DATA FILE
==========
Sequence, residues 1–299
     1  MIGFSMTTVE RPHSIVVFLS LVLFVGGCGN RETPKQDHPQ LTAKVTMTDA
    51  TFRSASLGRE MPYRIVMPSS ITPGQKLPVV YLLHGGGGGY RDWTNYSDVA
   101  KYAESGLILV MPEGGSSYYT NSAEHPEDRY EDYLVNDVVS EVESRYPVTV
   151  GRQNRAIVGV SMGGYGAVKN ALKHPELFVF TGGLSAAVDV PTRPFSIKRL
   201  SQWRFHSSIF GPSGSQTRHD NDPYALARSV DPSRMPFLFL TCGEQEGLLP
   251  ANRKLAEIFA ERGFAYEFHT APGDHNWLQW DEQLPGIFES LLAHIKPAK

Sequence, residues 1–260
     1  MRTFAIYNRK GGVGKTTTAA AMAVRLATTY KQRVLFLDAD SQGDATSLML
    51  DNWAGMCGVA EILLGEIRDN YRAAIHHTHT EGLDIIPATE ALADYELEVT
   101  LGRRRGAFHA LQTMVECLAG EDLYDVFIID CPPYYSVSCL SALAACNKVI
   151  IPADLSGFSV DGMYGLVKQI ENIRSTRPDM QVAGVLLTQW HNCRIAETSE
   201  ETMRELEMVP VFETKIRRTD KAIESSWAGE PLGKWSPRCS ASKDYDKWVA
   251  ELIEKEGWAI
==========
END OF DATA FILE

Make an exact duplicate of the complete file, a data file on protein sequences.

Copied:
Sequence, residues 1–299
     1  MIGFSMTTVE RPHSIVVFLS LVLFVGGCGN RETPKQDHPQ LTAKVTMTDA
    51  TFRSASLGRE MPYRIVMPSS ITPGQKLPVV YLLHGGGGGY RDWTNYSDVA
   101  KYAESGLILV MPEGGSSYYT NSAEHPEDRY EDYLVNDVVS EVESRYPVTV
   151  GRQNRAIVGV SMGGYGAVKN ALKHPELFVF TGGLSAAVDV PTRPFSIKRL
   201  SQWRFHSSIF GPSGSQTRHD NDPYALARSV DPSRMPFLFL TCGEQEGLLP
   251  ANRKLAEIFA ERGFAYEFHT APGDHNWLQW DEQLPGIFES LLAHIKPAK

Sequence, residues 1–260
     1  MRTFAIYNRK GGVGKTTTAA AMAVRLATTY KQRVLFLDAD SQGDATSLML
    51  DNWAGMCGVA EILLGEIRDN YRAAIHHTHT EGLDIIPATE ALADYELEVT
   101  LGRRRGAFHA LQTMVECLAG EDLYDVFIID CPPYYSVSCL SALAACNKVI
   151  IPADLSGFSV DGMYGLVKQI ENIRSTRPDM QVAGVLLTQW HNCRIAETSE
   201  ETMRELEMVP VFETKIRRTD KAIESSWAGE PLGKWSPRCS ASKDYDKWVA
   251  ELIEKEGWAI